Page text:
The Oxford Handbook of Byzantine Studies

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Oxford University Press, 2008 - Literary Criticism - 1021 pages
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The Oxford Handbook of Byzantine Studies presents discussions by leading experts on all significant aspects of this diverse and fast-growing field. The Oxford Handbook of Byzantine Studies deals with the history and culture of the Byzantine Empire, the eastern half of the Late Roman Empire, from the fourth to the fourteenth century. Its centre was the city formerly known as Byzantium, refounded as Constantinople in 324 CE, the present-day Istanbul. Under its emperors, patriarchs, and all-pervasive bureaucracy Byzantium developed a distinctive society: Greek in language, Roman in legal system, and Christian in religion. Byzantium's impact in the European Middle Ages is hard to over-estimate, as a bulwark against invaders, as a meeting-point for trade from Asia and the Mediterranean, as a guardian of the classical literary and artistic heritage, and as a creator of its own magnificent artistic style.
  

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Contents

Byzantine Studies as an academic discipline
3
Instrumenta Tools for the study of discipline
21
2 Chronology and dating
31
3 Late Roman and Byzantine weights and weighing equipment
38
4 Archaeology
47
5 Critical approaches to art history
59
6Iconography
67
7 Literary criticism
77
2 Bureaucracy and aristocracies
518
3 Clergy monks and laity
527
The State
539
2 The army
554
3 Revenues and expenditure
562
The Church
571
2 The episcopal councils in the East
583
3 The two churches
592

8 Textual criticism
86
9 Lexicography and electronic textual resources
95
10 Greek palaeography
101
11 Papyrology
115
12 Documents
129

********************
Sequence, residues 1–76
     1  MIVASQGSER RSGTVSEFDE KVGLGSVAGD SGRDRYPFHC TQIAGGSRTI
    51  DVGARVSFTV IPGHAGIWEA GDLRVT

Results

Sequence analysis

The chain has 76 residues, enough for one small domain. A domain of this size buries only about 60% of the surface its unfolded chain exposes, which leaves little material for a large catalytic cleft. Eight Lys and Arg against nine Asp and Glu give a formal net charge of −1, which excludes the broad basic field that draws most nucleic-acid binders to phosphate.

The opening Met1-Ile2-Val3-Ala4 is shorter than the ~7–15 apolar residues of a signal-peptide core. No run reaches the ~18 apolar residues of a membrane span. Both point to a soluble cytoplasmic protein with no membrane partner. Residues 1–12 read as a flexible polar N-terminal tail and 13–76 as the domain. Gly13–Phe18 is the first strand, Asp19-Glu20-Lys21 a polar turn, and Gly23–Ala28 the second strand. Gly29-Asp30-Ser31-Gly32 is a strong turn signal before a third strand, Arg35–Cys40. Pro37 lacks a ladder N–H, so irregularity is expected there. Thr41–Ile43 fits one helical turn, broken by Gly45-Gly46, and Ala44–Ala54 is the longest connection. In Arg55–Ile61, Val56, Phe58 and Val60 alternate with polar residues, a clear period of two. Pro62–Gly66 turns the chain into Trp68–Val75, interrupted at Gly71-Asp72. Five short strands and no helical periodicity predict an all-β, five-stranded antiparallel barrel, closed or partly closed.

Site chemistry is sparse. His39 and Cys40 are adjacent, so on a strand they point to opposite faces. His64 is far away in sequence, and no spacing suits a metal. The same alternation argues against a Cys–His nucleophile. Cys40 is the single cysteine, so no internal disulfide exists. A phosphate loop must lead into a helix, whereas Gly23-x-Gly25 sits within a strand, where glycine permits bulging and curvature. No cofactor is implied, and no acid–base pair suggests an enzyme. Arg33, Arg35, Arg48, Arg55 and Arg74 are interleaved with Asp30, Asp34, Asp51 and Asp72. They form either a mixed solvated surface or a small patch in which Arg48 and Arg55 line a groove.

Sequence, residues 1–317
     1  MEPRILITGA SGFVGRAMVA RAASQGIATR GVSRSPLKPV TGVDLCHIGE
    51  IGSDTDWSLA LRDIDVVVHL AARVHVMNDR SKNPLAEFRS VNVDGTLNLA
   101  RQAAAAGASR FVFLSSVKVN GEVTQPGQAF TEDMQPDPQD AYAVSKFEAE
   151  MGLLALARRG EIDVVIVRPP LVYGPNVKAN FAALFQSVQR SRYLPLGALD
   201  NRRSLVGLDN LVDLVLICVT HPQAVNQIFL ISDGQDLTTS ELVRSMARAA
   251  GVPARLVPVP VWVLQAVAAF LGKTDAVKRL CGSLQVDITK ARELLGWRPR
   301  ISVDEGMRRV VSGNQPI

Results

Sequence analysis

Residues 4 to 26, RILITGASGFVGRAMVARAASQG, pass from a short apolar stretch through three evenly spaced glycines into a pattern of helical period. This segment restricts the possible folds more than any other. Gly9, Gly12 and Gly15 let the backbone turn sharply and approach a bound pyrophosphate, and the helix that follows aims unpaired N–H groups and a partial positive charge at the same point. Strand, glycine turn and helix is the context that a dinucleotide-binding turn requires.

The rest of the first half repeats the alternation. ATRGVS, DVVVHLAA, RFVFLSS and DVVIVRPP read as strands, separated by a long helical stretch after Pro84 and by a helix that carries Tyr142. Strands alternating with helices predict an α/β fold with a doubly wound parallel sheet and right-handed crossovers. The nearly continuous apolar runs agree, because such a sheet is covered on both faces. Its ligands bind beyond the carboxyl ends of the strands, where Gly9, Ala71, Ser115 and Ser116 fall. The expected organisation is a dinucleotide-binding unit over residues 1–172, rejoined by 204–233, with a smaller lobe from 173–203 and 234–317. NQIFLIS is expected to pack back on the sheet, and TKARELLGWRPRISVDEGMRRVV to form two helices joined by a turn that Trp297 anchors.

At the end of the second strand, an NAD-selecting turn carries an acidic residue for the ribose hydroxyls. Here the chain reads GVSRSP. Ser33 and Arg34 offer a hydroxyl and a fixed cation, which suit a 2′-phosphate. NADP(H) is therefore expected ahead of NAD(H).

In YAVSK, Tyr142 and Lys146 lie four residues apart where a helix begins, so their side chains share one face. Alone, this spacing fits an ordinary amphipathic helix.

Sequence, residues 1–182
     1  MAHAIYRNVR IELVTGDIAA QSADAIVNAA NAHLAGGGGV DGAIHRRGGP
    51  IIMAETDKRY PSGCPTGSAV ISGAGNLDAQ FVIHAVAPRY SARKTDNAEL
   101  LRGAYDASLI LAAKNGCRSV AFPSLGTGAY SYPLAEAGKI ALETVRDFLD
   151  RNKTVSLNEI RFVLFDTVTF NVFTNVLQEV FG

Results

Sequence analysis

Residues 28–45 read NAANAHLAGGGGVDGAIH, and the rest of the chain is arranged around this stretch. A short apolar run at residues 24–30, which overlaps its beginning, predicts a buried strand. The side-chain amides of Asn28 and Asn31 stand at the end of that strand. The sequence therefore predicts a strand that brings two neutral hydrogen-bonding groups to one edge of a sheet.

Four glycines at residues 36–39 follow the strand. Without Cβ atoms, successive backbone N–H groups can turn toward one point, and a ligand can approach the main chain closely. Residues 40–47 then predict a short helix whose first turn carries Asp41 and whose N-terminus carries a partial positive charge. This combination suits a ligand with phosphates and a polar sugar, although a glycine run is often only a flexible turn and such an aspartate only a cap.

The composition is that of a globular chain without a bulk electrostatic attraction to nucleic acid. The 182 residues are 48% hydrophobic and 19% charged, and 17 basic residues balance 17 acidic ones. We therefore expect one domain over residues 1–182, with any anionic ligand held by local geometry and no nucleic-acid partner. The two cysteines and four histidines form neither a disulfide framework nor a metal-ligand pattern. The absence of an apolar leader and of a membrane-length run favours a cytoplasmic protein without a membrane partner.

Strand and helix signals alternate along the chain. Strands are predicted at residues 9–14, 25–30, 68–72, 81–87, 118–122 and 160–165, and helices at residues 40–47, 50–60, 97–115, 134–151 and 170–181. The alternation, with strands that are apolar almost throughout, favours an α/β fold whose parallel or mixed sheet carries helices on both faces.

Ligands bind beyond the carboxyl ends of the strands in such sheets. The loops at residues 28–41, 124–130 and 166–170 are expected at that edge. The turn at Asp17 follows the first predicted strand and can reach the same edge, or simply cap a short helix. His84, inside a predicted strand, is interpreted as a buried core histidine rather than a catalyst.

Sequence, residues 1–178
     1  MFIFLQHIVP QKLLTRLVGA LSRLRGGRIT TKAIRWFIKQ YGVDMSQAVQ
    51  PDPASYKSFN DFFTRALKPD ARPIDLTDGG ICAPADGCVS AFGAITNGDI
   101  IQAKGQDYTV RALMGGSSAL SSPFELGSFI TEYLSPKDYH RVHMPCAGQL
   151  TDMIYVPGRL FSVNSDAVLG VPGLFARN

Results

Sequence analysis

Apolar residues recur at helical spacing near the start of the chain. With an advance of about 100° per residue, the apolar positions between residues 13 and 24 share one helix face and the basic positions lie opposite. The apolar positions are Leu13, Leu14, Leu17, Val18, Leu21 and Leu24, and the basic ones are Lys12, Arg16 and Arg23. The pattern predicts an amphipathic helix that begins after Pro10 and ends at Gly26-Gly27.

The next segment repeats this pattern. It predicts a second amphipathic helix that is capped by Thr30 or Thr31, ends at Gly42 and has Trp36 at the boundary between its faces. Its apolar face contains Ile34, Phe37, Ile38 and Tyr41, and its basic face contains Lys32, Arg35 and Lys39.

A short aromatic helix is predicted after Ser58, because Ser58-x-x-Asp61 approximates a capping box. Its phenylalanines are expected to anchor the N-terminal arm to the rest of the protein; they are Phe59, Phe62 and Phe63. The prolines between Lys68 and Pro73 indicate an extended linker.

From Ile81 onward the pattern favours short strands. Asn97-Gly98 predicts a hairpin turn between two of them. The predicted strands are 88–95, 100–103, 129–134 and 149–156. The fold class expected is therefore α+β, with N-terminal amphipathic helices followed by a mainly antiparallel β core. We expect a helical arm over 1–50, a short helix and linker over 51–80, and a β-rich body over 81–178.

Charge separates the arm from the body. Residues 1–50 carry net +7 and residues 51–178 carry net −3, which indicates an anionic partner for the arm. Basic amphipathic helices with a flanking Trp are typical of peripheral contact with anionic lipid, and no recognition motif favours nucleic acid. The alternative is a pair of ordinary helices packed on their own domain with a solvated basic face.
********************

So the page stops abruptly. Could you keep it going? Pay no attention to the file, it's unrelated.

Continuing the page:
B Athos
136
CVenetian Crete
141
13 Epigraphy
144
14 Sigillography
150
15 Numismatics
157
16 Prosopography
176
17 Dendrochronology
182
18 Brickstamps
193
19 Topography of Constantinople
202
THE PHYSICAL WORLD LANDSCAPE LAND USE AND THE ENVIRONMENT
217
The political geography of the Byzantine world
219
2 Politicalhistorical survey
232
B 518800
249
C 8001204
264
D 12041453
280
Communications Roads and bridges
295
population demography and disease
309
Settlement
317
2 The Village
328
Buildings and their decorations
335
2 Churches and monasteries
353
3 Secular and military buildings
373
4 Wallpaintings and mosaics
385
Production manufacture and technology
397
2 Fabrics and clothing
407
3 Silk production
421
4 Ceramics
429
5 Metalwork
444
6 Ivory steatite enamel and glass
453
7 Book production
462
8 Military technology and warfare
473
9 Shipping and seafaring
482
10 Everyday technologies
492
INSTITUTIONS AND RELATIONSHIPS
503
Hierarchies
505
4 Liturgy
599
5 Monasticism and monasteries
611
6 Charitable institutions
621
The Economy
631
Society
643
2 Families and kinship
652
3 Patronage and retinues
661
4 Food wine and feasting
669
5 Entertainments theatre and hippodrome
677
6 Health hygiene and healing
685
Justice Legal literature
691
The Spiritual World
699
2 philosophies
711
The Symbolic World
721
2 Art and liturgy
731
3 Art and pilgrimage
741
4 Art and iconoclasm
750
5 Icons
758
6 Art and the periphery
770
Language education and literacy
777
2 Education
785
3 Literacy
796
4 Numeracy and science
803
5 Libraries
820
Literature
827
2 Historiography
838
3 Theological literature
853
4 Hagiography
862
5 Homolies
872
6 Epistolography
882
7 Poetry and romances
894
8 Military texts
907
Music
915
THE WORLD AROUND BYZANTIUM
937
Byzantium and its neighbors
939
Byzantiums role in world history
957
1 Rulers
962
2 Patriarchs and popes
972
Index
976
Copyright

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About the author (2008)


Elizabeth Jeffreys is Emeritus Bywater and Sotheby Professor of Byzantine and Modern Greek Language and Literature, Oxford University, and Emeritus Fellow of Exeter College.

John Haldon is Professor of Byzantine History, Princeton University.

Robin Cormack is Professor Emeritus, History of Art, Courtauld Institute of Art, University of London and Honorary Professor in the History of Classical Art, University of Nottingham.

Bibliographic information